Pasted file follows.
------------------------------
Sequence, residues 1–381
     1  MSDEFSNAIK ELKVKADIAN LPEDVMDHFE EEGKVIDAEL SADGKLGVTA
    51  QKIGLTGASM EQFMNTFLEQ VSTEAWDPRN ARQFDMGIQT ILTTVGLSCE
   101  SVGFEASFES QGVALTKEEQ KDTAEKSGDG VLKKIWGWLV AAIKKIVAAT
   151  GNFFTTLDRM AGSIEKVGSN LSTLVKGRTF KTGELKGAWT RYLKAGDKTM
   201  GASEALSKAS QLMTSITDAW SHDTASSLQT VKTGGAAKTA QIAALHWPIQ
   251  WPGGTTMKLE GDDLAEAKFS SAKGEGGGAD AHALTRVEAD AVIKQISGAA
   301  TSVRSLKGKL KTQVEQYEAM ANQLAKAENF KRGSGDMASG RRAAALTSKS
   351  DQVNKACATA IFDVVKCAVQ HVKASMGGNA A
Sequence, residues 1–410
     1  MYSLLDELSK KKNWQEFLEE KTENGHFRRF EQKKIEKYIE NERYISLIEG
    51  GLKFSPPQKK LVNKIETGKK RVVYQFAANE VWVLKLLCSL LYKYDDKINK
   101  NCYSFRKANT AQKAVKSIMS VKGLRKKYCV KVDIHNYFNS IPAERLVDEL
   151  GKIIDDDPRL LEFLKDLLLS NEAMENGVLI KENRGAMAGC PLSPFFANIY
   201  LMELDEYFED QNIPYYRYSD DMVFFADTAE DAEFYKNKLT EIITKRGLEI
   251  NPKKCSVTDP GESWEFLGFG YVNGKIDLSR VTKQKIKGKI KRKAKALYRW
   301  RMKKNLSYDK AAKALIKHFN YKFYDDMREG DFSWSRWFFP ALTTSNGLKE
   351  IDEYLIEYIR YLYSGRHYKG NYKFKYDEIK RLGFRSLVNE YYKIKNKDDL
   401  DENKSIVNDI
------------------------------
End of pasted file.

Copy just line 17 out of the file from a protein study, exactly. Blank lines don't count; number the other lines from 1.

   301  RMKKNLSYDK AAKALIKHFN YKFYDDMREG DFSWSRWFFP ALTTSNGLKE